interpreted to prohibit the delegation of fiduciary responsibilities to
anyone other than Trustees and "investment managers," if DePhillips
nonetheless did perform functions in
relation to the Stop-Loss Policy that were discretionary
within the meaning of section 3(21) (A), then she is a fiduciary.
See, e.g., Associates in Adolescent Psychiatry v. Home Life, Ins.
Co., 941 F.2d 561, 568 (7th Cir. 1991) (A "fiduciary" need not be
expressly named as such in the plan documents, but need only fall within
ERISA's definition of the term,); Harold Ives Trucking Co. v.
Spradley & Coker, Inc., 178 F.3d 523, 526 (8th Cir. 1999) (Plan
documents are controlling only to the extent that they are consistent
with the actual allocation of duties.).
DePhillips also refers us to a 2000 plan description, titled Painters'
District Council No. 30 Health and Welfare Plan Summary Plan Description,
2000 Edition ("the SPD"), which provides:
[A] Board of Trustees is responsible for the
operation of this Plan. Although the Trustees are
legally designated as the Plan Administrator, they
have delegated certain administrative
responsibilities to an Administrative Manager. The
Administrative Manager is responsible for
maintaining eligibility records, accounts for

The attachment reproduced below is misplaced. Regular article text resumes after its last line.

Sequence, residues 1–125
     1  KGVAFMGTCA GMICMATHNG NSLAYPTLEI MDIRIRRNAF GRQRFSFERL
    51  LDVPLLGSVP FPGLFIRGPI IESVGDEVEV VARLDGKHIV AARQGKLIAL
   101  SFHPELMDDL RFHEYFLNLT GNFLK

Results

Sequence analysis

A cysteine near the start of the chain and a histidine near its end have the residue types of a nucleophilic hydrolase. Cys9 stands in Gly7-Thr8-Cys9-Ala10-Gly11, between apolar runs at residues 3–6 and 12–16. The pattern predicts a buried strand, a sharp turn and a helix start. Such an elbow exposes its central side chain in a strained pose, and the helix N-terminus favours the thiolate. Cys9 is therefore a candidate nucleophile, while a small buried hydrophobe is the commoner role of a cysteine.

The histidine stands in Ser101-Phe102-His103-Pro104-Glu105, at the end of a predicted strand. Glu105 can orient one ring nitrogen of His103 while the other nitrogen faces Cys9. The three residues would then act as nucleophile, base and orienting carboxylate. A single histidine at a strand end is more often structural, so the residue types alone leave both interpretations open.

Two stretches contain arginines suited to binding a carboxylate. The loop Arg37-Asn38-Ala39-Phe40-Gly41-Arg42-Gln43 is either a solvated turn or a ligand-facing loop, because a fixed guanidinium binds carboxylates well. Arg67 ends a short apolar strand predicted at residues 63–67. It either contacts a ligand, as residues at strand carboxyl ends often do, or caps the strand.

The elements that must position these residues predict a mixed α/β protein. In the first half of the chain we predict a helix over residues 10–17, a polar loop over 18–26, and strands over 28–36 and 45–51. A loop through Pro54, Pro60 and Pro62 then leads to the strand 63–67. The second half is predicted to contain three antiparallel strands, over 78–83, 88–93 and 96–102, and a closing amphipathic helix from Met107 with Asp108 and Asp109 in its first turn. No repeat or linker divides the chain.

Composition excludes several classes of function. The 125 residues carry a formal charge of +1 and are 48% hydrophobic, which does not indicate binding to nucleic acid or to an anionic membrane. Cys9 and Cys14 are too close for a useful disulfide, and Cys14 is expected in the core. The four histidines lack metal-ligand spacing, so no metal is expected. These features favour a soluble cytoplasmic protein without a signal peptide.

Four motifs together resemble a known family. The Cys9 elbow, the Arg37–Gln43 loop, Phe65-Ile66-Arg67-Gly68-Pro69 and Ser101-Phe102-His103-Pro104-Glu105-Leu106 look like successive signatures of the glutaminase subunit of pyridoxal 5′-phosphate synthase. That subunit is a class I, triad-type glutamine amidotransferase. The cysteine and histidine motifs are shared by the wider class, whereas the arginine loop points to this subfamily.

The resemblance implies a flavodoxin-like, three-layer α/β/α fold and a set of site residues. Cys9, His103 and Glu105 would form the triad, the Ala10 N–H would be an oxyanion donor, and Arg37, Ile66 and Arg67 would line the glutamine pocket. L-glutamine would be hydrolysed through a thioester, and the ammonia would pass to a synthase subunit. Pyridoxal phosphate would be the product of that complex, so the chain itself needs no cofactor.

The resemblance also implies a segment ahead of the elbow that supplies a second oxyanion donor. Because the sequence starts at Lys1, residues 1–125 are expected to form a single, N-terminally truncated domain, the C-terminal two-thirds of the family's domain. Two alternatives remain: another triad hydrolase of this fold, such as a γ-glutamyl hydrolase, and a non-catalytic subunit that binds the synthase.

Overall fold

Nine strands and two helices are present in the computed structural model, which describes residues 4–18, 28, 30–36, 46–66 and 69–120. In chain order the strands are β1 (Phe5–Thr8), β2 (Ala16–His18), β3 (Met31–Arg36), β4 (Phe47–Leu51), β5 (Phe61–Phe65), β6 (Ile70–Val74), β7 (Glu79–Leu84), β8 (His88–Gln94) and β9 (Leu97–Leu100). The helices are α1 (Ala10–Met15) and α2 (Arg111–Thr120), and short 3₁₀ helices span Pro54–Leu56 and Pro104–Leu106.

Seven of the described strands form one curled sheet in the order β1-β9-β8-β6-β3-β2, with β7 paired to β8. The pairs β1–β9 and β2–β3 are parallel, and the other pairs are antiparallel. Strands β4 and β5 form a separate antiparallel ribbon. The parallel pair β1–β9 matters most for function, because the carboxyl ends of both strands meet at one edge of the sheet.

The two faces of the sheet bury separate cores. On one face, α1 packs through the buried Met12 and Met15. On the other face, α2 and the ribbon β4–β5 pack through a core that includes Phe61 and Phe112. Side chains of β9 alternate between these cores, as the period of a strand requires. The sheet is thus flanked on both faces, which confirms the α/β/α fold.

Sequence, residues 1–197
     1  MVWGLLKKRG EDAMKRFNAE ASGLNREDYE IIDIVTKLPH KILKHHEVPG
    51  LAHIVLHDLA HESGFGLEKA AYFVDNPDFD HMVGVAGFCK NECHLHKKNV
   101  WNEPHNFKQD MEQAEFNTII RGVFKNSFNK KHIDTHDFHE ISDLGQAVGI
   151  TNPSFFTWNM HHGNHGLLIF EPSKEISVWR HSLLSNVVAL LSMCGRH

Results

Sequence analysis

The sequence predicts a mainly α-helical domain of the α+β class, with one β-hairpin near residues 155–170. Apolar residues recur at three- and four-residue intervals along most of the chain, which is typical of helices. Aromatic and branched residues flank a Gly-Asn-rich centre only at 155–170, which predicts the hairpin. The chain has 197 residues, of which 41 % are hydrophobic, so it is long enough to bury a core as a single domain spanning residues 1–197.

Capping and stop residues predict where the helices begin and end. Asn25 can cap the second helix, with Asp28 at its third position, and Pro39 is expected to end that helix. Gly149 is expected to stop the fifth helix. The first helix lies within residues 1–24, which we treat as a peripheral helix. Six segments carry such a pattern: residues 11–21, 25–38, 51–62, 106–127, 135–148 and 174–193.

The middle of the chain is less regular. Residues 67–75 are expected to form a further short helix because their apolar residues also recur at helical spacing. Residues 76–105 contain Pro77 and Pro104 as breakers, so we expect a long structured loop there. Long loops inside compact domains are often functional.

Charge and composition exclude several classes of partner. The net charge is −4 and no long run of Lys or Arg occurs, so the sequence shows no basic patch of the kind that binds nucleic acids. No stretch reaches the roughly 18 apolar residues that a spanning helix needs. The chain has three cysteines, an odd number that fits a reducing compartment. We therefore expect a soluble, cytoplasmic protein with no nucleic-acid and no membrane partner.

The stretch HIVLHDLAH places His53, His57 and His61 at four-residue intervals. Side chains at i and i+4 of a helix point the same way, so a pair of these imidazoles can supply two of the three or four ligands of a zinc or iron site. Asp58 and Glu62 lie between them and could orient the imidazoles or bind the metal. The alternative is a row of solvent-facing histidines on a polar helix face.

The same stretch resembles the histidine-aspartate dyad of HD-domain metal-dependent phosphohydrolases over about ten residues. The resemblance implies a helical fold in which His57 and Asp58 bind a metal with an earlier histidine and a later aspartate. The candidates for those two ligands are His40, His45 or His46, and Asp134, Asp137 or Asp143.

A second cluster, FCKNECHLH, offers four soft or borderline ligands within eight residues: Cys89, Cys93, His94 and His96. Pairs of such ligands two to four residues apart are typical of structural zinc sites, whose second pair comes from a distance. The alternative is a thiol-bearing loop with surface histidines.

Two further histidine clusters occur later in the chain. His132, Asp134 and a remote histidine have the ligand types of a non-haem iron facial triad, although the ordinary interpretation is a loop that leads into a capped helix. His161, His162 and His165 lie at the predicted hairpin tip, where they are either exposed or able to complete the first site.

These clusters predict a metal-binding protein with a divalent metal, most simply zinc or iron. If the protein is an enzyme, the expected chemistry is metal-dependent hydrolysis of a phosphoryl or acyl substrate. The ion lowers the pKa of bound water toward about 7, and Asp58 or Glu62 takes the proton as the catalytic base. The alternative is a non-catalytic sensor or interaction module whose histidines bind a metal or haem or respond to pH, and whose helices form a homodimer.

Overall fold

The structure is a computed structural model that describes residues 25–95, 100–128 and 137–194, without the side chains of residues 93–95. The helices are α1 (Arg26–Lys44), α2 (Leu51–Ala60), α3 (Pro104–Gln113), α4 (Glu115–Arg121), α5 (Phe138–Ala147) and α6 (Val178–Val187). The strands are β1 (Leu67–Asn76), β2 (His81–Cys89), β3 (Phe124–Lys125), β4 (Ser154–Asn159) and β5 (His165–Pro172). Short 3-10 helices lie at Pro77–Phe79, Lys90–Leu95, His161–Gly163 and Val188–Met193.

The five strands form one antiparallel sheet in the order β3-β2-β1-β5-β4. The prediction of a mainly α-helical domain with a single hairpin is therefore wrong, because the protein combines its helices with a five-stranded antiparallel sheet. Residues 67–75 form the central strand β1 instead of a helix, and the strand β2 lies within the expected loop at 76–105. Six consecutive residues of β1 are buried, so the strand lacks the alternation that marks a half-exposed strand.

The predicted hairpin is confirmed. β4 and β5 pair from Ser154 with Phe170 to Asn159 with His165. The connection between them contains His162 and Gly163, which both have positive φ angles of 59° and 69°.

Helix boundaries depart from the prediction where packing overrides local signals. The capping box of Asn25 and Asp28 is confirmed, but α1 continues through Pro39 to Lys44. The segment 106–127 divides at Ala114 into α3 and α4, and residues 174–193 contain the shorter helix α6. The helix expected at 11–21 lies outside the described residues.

employer contributions, answering participant
inquiries, processing claims and benefit payments
and handling other routine administrative
(Def's. 56. 1 Statement. ¶ 14, Ex. F (the
"SPD").) (emphasis added.) DePhillips reads the SPD as stating that the
Administrative Manager is responsible only for routine
administrative functions. She acknowledges that the SPD was drafted after
she was terminated, but nonetheless argues that
because she had the same job responsibilities as the
Fund's Administrative Manager in 2000, Milan Diklich, the SPD language
applies equally to her. Again, and wholly apart from the relevancy
problem posed by its date, the SPD can help DePhillips only if she can
show that she in fact handled only "routine administrative
It is clear, contrary to DePhillips's apparent understanding, that plan
documents, while of course relevant to her fiduciary status, cannot alone
establish that she was not a fiduciary.*fn5 The bigger problem for
DePhillips, however, is that when we look behind the plan documents to
the record on her actual
job functions, she offers little evidence to support her
contention that her role was "merely ministerial," particularly with
respect to the Stop-Loss Policy. First, she points to her interrogatory